Grain railway backlog another reason to expand oil pipeline: Alberta premier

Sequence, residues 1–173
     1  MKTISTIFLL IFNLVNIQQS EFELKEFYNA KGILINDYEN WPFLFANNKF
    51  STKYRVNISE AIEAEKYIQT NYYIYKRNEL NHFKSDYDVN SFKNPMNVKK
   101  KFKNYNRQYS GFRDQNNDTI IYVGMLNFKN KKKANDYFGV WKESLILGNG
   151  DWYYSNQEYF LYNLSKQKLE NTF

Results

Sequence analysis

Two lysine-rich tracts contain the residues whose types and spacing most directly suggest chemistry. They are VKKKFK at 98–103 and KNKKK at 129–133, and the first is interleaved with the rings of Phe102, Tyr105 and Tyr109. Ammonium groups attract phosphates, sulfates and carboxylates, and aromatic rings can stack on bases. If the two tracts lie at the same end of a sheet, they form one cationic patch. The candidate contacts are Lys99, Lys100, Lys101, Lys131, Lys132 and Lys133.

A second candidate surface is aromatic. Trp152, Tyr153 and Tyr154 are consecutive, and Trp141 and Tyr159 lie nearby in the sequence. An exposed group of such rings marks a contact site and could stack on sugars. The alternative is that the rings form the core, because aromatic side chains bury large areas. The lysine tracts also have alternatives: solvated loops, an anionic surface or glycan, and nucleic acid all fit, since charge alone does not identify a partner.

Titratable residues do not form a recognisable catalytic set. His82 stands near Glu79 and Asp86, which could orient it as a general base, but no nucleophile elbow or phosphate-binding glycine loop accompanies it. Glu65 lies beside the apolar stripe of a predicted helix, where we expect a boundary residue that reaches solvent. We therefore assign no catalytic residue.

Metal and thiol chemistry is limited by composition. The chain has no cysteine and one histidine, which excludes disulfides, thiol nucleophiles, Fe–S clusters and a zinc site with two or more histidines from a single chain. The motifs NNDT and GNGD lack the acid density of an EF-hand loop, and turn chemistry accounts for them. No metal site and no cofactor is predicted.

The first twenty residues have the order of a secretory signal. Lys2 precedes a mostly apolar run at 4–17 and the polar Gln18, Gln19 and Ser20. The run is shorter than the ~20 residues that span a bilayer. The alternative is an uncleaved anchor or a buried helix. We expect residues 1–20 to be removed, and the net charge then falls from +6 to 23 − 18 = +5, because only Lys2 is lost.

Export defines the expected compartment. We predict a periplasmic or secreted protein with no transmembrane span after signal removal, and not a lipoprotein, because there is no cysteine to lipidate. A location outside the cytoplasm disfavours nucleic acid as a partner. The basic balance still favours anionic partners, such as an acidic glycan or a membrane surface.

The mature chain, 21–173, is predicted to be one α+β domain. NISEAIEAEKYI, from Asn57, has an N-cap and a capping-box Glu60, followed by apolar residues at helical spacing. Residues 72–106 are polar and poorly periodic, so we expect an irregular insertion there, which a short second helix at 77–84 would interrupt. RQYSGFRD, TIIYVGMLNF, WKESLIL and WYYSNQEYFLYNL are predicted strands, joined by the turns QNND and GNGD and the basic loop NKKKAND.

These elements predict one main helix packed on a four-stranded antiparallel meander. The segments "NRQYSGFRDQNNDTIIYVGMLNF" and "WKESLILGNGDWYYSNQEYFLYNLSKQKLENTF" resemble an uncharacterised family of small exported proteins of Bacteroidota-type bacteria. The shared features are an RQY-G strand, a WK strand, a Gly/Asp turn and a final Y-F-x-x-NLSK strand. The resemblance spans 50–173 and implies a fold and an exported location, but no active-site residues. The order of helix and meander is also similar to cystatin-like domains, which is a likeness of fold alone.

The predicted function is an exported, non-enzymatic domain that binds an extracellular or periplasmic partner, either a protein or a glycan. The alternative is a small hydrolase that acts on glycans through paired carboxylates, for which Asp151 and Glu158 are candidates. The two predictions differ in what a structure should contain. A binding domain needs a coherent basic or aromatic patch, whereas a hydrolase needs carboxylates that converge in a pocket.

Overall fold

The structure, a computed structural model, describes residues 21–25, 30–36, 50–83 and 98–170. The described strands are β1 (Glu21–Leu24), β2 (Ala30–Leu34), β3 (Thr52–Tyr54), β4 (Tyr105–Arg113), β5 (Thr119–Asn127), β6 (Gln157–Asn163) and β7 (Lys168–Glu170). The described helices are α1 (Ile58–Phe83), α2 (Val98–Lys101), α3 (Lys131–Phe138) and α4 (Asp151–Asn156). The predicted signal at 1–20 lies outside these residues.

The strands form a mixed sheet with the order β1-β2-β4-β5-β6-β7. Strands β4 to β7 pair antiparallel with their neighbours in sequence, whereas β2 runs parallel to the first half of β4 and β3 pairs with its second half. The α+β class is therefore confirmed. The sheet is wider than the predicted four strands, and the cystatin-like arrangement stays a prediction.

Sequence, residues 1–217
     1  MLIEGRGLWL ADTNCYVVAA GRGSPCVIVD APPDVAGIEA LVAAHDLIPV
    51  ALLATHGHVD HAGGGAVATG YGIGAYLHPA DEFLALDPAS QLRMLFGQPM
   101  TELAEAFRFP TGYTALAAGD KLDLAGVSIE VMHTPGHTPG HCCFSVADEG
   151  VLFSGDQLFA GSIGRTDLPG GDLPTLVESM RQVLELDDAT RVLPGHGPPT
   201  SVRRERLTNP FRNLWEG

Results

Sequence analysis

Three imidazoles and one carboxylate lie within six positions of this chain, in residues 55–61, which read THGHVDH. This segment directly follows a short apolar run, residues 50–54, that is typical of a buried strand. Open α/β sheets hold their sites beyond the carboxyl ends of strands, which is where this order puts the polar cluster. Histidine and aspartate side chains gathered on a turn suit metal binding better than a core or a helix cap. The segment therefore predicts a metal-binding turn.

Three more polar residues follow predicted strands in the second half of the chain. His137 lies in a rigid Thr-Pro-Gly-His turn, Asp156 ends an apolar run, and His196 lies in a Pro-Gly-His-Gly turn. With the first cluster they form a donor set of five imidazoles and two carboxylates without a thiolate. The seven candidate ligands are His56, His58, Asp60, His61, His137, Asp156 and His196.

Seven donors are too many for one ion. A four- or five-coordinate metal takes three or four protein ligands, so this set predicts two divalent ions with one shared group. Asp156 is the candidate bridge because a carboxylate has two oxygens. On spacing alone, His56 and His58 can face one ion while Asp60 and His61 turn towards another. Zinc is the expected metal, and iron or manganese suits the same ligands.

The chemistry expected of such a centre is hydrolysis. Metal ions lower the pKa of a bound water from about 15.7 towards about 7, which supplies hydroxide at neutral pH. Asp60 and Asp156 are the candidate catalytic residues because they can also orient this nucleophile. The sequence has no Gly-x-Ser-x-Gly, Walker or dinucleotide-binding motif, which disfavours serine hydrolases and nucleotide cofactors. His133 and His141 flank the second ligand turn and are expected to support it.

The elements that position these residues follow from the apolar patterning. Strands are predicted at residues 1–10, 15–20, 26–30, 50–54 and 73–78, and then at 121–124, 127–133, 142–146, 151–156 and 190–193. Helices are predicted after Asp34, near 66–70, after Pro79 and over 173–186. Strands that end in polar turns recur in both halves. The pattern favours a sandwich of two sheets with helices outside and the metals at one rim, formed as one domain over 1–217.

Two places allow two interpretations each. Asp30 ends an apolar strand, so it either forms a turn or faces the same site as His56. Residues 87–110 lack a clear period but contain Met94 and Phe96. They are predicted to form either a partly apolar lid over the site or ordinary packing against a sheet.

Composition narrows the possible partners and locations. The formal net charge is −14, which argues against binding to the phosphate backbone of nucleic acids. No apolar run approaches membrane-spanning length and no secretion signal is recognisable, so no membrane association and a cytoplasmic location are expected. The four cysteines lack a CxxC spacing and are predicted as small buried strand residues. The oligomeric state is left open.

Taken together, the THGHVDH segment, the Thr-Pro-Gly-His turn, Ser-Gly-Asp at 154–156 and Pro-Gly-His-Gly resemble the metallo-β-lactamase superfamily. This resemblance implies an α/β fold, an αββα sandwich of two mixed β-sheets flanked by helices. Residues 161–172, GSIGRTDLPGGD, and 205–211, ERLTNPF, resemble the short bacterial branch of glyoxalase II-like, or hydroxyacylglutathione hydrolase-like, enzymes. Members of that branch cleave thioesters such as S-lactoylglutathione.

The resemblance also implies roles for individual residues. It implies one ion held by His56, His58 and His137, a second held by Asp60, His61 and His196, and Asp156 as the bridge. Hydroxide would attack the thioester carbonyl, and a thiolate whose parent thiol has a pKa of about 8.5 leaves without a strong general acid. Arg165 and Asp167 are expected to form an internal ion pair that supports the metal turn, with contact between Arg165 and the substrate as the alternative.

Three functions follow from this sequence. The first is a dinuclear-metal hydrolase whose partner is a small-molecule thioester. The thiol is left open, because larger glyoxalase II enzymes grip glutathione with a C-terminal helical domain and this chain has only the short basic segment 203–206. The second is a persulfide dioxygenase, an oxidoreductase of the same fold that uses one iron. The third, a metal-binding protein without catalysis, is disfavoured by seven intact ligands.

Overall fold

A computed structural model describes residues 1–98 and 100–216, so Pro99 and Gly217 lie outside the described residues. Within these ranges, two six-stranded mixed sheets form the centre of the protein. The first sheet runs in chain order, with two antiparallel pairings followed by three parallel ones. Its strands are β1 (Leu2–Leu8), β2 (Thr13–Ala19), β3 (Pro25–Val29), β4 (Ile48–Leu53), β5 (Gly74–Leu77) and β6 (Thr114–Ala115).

LETHBRIDGE, Alta. — Alberta Premier Rachel Notley says Canada will continue to have trouble moving grain across the country unless more oil pipelines are built. Notley says moving oil by rail means there are fewer trains to ship grain for export. Grain shipments in Canada have been delayed for the second time in four years as railways grapple with a larger-than-expected grain crop and extreme winter weather. Saskatchewan Premier Scott Moe has said producers are struggling to pay their bills because their grain isn’t moving. Notley says such transportation bottlenecks will continue as long as grain has to compete with oil for rail space. She says the solution is to get more oil flowing through pipelines. Having oil shipped by rail isn’t good for anyone’s bottom line, Notley said. “The minute we get (oil and gas products) on to rail, we start selling them at a massive discount,” Notley said Thursday in Lethbridge. “That’s not good. Meanwhile, the other folks that need rail start losing their profit margin because they’re having to bid up in order to get access — big consequences to the whole country. That’s why we need to operate like a country.” Alberta is locking horns with British Columbia over the expansion of the Trans Mountain pipeline which would triple the amount of diluted bitumen from Alberta to Burnaby’s port for shipment overseas. The federal government approved the pipeline expansion in 2016, but the project faces significant opposition in B.C. Thousands of people have rallied in protest and the provincial government has raised concerns about the pipeline’s possible environmental and economic impact. Premier John Horgan is seeking a legal ruling on whether his province can restrict increased amounts of oil from coming into B.C. while his government reviews oil-spill safety measures. Notley has said her government will introduce legislation later this session which would give it the option to turn off the oil taps to B.C. “This pipeline has national implications,” Notley said. “It is in the national interest. It impacts all sectors of the economy. “We are committed to ensuring that it gets built.” The Canadian Press Share This:

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